Directed by Takashi Miike. Starring Kôji Yakusho, Gorô Inagaki, Masachika Ichimura, Yûsuke Iseya, Takayuki Yamada. (2010, R, 136 min.)
REVIEWED By Marc Savlov, Fri., April 29, 2011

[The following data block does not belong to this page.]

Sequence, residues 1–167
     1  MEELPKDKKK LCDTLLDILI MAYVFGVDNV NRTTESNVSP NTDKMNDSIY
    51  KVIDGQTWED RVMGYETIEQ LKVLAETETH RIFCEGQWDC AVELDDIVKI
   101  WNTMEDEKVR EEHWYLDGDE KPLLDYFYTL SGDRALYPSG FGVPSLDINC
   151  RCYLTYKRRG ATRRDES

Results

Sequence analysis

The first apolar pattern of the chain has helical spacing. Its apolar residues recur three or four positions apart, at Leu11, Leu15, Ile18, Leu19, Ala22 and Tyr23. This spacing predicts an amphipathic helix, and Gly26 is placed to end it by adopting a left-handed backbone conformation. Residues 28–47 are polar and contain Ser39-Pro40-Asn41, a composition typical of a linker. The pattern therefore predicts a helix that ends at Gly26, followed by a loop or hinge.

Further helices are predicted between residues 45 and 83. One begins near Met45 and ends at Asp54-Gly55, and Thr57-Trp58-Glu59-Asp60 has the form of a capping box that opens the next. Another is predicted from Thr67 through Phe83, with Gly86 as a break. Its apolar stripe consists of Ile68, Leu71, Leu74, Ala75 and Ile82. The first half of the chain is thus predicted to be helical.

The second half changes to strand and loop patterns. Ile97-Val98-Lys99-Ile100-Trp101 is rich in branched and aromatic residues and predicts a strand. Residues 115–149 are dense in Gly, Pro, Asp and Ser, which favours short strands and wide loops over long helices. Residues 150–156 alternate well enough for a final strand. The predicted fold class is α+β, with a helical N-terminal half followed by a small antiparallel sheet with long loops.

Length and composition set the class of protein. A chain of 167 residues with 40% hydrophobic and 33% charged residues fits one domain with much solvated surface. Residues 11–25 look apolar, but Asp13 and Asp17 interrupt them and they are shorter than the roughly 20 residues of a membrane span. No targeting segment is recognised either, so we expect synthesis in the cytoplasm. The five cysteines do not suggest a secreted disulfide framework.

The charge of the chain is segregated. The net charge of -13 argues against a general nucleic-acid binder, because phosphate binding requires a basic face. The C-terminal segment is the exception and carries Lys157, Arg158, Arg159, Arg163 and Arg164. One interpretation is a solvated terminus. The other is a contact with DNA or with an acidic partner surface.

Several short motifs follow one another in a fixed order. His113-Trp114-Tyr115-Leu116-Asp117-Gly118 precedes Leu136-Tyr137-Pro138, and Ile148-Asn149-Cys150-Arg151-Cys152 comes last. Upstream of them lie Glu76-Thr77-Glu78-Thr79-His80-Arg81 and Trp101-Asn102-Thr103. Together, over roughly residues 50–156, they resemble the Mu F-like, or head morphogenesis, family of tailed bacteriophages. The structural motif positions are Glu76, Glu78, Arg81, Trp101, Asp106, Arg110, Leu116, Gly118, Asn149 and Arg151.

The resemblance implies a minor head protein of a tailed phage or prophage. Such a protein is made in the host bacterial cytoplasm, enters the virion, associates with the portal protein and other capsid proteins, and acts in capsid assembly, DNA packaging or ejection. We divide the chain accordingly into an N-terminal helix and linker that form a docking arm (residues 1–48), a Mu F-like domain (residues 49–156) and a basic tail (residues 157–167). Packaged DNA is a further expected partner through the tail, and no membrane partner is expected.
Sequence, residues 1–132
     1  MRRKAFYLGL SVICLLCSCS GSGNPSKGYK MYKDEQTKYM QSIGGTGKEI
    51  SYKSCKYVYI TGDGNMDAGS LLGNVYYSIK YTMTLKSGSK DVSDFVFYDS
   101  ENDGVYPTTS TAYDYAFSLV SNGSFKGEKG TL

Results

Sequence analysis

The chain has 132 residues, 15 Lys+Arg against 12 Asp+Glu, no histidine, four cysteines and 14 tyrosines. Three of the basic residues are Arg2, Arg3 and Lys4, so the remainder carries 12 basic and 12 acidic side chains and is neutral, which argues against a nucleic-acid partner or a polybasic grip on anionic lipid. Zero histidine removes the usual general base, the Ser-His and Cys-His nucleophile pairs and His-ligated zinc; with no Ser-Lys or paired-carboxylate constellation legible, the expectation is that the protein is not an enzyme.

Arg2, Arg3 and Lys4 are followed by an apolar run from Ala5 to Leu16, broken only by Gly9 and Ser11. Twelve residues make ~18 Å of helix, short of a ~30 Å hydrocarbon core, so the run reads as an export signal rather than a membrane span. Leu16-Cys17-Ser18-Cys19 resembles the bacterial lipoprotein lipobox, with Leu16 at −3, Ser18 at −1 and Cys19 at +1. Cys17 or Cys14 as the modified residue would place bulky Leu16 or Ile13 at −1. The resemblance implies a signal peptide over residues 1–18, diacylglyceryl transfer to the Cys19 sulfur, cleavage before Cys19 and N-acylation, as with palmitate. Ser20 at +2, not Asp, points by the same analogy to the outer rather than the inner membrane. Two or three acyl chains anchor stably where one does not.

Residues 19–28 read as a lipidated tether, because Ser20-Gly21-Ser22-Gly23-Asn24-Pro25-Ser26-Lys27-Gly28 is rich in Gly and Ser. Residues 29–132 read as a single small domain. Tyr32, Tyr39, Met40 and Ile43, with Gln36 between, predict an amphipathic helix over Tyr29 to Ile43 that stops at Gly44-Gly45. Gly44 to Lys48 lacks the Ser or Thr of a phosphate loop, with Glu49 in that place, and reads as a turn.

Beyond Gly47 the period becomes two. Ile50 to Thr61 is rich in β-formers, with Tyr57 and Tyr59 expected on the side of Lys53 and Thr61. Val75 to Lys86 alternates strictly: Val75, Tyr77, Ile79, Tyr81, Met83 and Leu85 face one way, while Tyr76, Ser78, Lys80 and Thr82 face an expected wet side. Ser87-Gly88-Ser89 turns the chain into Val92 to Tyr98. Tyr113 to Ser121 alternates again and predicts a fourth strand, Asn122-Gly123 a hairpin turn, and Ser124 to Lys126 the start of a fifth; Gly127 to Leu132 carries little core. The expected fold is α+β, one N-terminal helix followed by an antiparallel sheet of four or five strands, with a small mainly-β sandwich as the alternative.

Miike's umpteenth feature film (83 and counting on the Internet Movie Database!) is a remake of Eiichi Kudo's 1963 film of the same name. It's not your typical Takashi Miike film either, but then again, to the best of my knowledge, Miike has never attempted to make anything that wasn't in some way visually or narratively transgressive or, at the very least, inappropriate for your grandmother's sensibilities. This is, after all, the director whose episode of Masters of Horror (“Imprint”) was so disturbing to Showtime execs they refused to air it, and whose 1999 film Audition remains, for my yen, the best date movie ever made. 13 Assassins is more formal in its stylistic approach to the subject matter than you might expect, though. In the Seven Samurai-esque story, noble samurai warrior Shinzaemon Shimada (Yakusho) is selected by the shogunate to assemble the titular team of elite swordsmen. Their mission, bloody though it will surely be, is ultimately one of peace: They are to kill renegade Naritsugu Matsudaira (Inagaki), a sadistic Edo overlord who threatens the peace and has lately taken to gleefully hacking the peasants to pieces. (One disturbing scene early on provides a horrific but narratively necessary glimpse into Lord Matsudaira's warped bloodlust; it's a nightmarishly lyrical moment recalling Audition-era Miike.) Shimada recruits 12 fearless samurai and one wily thief, and they set out to slay the slayer, only to discover that the odds have gone against them, disastrously so. Shimada's plan B? Take over an idyllic rural village along their route, reconfigure it as one giant deathtrap, and lure Lord Matsudaira's men inside. There will be blood, rivers of it, in point of fact. 13 Assassins is Miike's bid for a jewel on Akira Kurosawa's crown, and as such, it's an audacious attempt that turns out to be his most stylistically formal film to date. It's also a deeply moral antiwar film, if one chooses to view it that way. Miike's old bloodlust and astonishing flair for hypercreative ultraviolence is on full, gloriously gory display during 13 Assassins’ liquefied third act, essentially a single sequence of carnage that runs nearly 45 minutes. This is the Takashi Miike of Dead or Alive and Ichi the Killer. That he's finally chosen to direct a samurai epic with more than a few echoes of Kurosawa only adds to his crimson panache.